2015 honda civic that is 0 years old gets 31 MPG $18k

For Homes
1985 Colonial that needs remodeling $180,000+$20,000(Same SQFT same area)
2015 Colonial $210K (Same SQFT same area)

The above is accurate to the area I live in.
Your  $7,000 on the car restore it to a working 1985 car, but your upgrades to the house make it current.  Your 1985 car will never have airbags, modern crumple zones, improved gas mileage, higher horsepower, or electronic stability control.  Your renovated house might have new high efficiency HVAC, nicer finishes and new windows.  The older car is never comparable to a new car, but the house becomes comparable.

nereo

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Re: Why do cars depreciate in value and homes appreciate in value?
« Reply #16 on: October 06, 2015, 10:18:47 AM »
BTW - home prices historically just beat our inflation, so a home going from $200k - $220k has had a fairly bad decade of appreciation; < 1%.

I think you're right, overall, but generally people don't pay cash. They usually leverage their money through a mortgage, which increases the returns. (And renters usually pay loan interest as well, albeit indirectly.)

I've tracked spending for as long as I've had my house -- about 15 years. It'd be a good exercise to see the return, if any, on my original 2.5% down payment.
The bolded part above is true when rates are very low, as they've been for the last decade plus.  A mortgage doesn't increase returns when the rates are >6.5%.  See the period from 1976 - 2001, where median rates averaged between 7 and 16%.

I've been keeping a similar spreadsheet on my current property.  Currently it's bleeding red since we just replaced the roof 2 years after moving in (an expected but costly expense, and one that won't be repeated in my ownership). The major unknowns are what we will sell it for and when.  I'd be curious to hear how your housing expenses have tracked out.
this

kendallf

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Re: Why do cars depreciate in value and homes appreciate in value?
« Reply #17 on: October 06, 2015, 10:26:10 AM »
The other side of this that nobody's touched on yet is that many cars do in fact appreciate in value as they get older.  Collector cars (whatever that means to you), muscle cars, street rods, etc. often go for much more money than their original sticker price.  Yes, just like the houses, if you factor inflation and maintenance costs, they're probably breaking even at best. 

I would also disagree with those of you who put an "End of Life" date on all cars.  Yes, if it's a utilitarian model that attracts no particular following, it's likely that it will reach a point where it's beyond economical repair.  If you live in a northern state with a rust problem, that's exacerbated. 

Ironically, vehicles that are probably the least "Mustachian" when new are good candidates to retain their value and be worth fixing almost indefinitely-- classic muscle cars, old trucks, and the like.  My daily driver until about two years ago was a 1973 Buick Century that ran like new.  I sold it to a local young guy and I see him driving it around regularly and expect to for years to come.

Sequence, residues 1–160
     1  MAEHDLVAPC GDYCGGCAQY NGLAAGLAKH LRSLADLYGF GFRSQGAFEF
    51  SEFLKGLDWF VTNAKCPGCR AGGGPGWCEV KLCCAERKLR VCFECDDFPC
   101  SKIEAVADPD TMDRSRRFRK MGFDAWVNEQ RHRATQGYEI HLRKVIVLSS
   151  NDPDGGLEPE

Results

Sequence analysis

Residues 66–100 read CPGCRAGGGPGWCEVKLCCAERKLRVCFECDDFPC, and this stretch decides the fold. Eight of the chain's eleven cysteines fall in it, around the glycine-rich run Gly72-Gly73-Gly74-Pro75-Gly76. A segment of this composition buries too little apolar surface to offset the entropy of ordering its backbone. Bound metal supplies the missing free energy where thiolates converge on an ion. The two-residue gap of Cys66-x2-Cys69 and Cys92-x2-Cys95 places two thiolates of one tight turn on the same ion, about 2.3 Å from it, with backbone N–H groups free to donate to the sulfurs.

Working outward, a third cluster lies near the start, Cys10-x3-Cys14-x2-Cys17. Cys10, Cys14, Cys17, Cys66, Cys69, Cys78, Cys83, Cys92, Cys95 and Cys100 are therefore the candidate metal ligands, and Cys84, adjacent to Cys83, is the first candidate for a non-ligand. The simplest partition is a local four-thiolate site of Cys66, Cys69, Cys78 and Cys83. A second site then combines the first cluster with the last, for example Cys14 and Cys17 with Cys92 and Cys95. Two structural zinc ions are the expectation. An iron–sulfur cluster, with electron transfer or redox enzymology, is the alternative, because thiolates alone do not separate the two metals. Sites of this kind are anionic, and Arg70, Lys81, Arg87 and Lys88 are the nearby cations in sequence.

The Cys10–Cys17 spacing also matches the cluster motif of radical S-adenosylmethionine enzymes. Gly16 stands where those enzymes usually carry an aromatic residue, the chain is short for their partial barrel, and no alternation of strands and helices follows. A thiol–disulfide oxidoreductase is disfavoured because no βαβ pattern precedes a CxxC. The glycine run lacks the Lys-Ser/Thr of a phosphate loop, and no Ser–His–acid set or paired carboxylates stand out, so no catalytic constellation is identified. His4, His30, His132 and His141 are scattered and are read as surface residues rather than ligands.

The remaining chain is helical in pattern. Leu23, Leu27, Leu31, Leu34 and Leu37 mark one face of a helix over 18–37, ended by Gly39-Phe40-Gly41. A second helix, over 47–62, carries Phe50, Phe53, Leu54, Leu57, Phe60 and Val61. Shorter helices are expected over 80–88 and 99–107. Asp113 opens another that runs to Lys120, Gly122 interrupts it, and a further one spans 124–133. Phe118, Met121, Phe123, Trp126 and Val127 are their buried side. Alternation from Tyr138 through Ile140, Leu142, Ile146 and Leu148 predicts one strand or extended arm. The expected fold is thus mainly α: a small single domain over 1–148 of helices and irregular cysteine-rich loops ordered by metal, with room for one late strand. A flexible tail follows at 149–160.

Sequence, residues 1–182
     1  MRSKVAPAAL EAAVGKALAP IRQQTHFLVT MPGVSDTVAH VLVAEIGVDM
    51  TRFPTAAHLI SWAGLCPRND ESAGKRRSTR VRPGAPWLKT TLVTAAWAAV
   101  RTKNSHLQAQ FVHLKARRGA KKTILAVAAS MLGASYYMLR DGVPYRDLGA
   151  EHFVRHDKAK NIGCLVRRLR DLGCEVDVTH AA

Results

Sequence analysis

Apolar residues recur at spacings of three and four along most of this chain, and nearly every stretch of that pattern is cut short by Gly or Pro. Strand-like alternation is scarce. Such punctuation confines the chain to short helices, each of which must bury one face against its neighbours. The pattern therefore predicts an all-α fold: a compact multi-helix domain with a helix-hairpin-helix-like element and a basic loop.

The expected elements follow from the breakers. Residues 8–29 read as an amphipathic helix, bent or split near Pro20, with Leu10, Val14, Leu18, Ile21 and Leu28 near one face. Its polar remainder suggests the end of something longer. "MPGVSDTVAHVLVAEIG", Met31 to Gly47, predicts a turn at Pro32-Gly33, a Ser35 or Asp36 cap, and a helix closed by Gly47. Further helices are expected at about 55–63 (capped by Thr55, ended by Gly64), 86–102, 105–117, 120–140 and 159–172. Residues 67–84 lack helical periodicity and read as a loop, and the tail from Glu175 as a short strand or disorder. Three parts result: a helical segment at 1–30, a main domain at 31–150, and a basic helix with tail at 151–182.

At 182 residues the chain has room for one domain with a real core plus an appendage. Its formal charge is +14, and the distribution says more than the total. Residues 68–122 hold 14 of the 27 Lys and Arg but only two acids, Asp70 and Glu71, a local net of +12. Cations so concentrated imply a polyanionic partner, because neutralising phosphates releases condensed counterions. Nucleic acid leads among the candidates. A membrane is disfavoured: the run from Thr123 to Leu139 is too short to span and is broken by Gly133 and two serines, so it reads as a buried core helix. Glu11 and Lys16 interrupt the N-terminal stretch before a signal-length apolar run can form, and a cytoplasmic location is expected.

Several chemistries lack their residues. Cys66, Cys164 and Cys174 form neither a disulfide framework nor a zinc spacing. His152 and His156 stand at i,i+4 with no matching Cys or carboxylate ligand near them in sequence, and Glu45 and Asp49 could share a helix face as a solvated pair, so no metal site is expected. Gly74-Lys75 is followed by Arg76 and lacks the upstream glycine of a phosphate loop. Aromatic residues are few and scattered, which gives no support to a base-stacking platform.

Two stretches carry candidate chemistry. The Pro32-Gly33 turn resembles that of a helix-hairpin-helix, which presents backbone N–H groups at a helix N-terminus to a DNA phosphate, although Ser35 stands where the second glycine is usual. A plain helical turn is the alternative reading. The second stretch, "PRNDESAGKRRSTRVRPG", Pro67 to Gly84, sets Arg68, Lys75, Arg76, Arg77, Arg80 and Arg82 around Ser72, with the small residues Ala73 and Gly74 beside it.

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Re: Why do cars depreciate in value and homes appreciate in value?
« Reply #18 on: October 06, 2015, 10:34:18 AM »
The other side of this that nobody's touched on yet is that many cars do in fact appreciate in value as they get older.  Collector cars (whatever that means to you), muscle cars, street rods, etc. often go for much more money than their original sticker price.  Yes, just like the houses, if you factor inflation and maintenance costs, they're probably breaking even at best. 

Yes and no.

I've got a (sort of) collector car.  I believe the sticker price on it new in 1975 was just over $3k.  If I *really* cleaned it up, I *might* be able to get $10k or a little more on it -- which would roughly be the sticker price with inflation.  ($13k would be inflated price.)

BUT... over the years, I've easily put $20k into it.  (Ouch.)  That is money I'd never get back.

The crazy high appreciation cars you see at Barret-Jackson auctions have both:
* insane buyers with more money than sense that are fishing for their childhood dream car
* ridiculous amounts of work in them.  In other words, once you account for $30k of restoration labor, the price doesn't seem so out of line.

nereo

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Re: Why do cars depreciate in value and homes appreciate in value?
« Reply #19 on: October 06, 2015, 10:41:10 AM »
The other side of this that nobody's touched on yet is that many cars do in fact appreciate in value as they get older.  Collector cars (whatever that means to you), muscle cars, street rods, etc. often go for much more money than their original sticker price.  Yes, just like the houses, if you factor inflation and maintenance costs, they're probably breaking even at best.